Another particularly British characteristic is one specific use of the word “never,” when they want to say “there’s no way that can be true.” You might be trying on an item of clothing that’s labeled in your size, but if it’s ridiculously tight or loose, you could say, “That’s never a size 9!” Americans use it in this sense – well, never!
How do you do “do”?
Finally, one of the most salient features of British English, and one where my own case of creeping lime has had the most impact, is verbs. The Brits seem to be much fonder of the verb “do,” especially when paired with a modal verb:
“Are you going to work on that project this evening?”
“I should do, but I’ll probably just watch the telly instead.”
An American would never insert “do” in that instance (and we don’t watch “the telly”, we watch TV!).
Another case happened to me recently when an American friend of mine asked if I’d read a blog post he’d written several weeks before. I wasn’t sure, so I answered, “I might have done.” He gave me an amused look and commented, “That’s very British!” And he was right; the more American response would probably have been “Maybe I did,” but I had to think about it first.
I think most native speakers of a language – any language – are hard pressed to describe the rules and principles they adhere to when using it. So I apologize if I’ve supplied more examples than abstract descriptions, but for me, it’s the easiest way to make my point.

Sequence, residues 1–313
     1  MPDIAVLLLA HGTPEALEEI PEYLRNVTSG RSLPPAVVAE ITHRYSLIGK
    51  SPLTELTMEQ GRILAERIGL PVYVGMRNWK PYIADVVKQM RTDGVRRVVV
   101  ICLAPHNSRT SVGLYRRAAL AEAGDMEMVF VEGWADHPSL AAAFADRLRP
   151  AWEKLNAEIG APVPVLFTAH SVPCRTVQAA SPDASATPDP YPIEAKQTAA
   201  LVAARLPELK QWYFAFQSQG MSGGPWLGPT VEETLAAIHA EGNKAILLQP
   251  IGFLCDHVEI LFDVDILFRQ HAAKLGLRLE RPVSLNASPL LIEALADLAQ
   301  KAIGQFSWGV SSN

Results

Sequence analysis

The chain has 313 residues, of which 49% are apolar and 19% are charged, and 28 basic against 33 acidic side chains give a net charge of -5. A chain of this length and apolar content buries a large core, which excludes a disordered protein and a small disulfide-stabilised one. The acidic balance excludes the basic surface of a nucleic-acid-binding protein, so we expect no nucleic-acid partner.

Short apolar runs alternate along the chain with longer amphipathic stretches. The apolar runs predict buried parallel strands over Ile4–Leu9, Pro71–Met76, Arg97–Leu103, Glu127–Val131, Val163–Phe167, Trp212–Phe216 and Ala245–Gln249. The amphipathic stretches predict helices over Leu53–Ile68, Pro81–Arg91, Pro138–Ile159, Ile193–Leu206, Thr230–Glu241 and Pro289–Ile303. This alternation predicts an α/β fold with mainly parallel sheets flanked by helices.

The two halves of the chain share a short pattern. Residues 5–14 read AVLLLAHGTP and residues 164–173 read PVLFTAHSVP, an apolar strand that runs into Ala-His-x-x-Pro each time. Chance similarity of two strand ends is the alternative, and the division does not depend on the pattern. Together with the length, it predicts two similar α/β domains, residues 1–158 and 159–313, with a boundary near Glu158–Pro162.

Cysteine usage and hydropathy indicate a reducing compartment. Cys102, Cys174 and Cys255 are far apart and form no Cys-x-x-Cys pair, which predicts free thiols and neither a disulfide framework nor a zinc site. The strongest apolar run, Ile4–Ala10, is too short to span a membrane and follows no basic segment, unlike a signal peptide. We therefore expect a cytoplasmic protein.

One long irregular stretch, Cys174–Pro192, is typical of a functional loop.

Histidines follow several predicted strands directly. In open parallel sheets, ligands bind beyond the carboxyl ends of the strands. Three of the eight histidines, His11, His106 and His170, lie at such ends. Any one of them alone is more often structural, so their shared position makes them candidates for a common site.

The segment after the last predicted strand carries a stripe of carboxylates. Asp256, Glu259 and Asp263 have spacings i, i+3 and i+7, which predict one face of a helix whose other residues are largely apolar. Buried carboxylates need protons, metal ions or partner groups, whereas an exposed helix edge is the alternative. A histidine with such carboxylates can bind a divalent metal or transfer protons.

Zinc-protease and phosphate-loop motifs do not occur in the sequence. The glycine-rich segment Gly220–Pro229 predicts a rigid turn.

So what? you may ask. Fair enough – after all, it’s fun to learn new words and adopt new ways of speaking. I kind of like that I am developing my own unique blend of English. And if I didn’t make my living based on my facility with the US brand of English, it wouldn’t be a problem. Unfortunately, I have to be able to deliver texts that sound as though they were written by an American, and with a Scotsman on the other side of my desk, an Englishman down the hall, and an Irish freelancer in close contact over Skype, I am virtually embedded in a microcosm of the British Isles.
Making matters worse is that most of the media I choose to consume is of British origin as well – including some of my favorite TV shows and my favorite podcast. All of this is causing interference with my mental ear; there are times when it’s hard to tell what “sounds right.” I try to offset the effect by purposely listening to American radio and reading American print media, and of course talking to family and friends helps. Still, as in the “might have done” example above, sometimes I find myself having to think a little bit about phrasing that should be completely intuitive.
It’s similar to the struggle many people have when they live abroad and are immersed in the local language. So do any expats out there have any tips for keeping your native language intact?